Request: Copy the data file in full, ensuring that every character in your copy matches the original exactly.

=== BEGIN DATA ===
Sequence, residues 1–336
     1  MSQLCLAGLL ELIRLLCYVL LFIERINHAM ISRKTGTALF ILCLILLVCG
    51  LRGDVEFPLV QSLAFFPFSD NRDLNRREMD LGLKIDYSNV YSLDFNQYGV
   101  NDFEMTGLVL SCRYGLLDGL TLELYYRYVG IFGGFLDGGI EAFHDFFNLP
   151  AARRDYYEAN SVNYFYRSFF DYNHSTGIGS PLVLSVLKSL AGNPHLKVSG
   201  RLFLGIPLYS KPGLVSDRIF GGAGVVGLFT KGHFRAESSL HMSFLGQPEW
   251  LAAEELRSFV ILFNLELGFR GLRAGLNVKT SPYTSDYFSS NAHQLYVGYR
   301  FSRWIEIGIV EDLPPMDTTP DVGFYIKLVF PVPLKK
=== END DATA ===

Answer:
Sequence, residues 1–336
     1  MSQLCLAGLL ELIRLLCYVL LFIERINHAM ISRKTGTALF ILCLILLVCG
    51  LRGDVEFPLV QSLAFFPFSD NRDLNRREMD LGLKIDYSNV YSLDFNQYGV
   101  NDFEMTGLVL SCRYGLLDGL TLELYYRYVG IFGGFLDGGI EAFHDFFNLP
   151  AARRDYYEAN SVNYFYRSFF DYNHSTGIGS PLVLSVLKSL AGNPHLKVSG
   201  RLFLGIPLYS KPGLVSDRIF GGAGVVGLFT KGHFRAESSL HMSFLGQPEW
   251  LAAEELRSFV ILFNLELGFR GLRAGLNVKT SPYTSDYFSS NAHQLYVGYR
   301  FSRWIEIGIV EDLPPMDTTP DVGFYIKLVF PVPLKK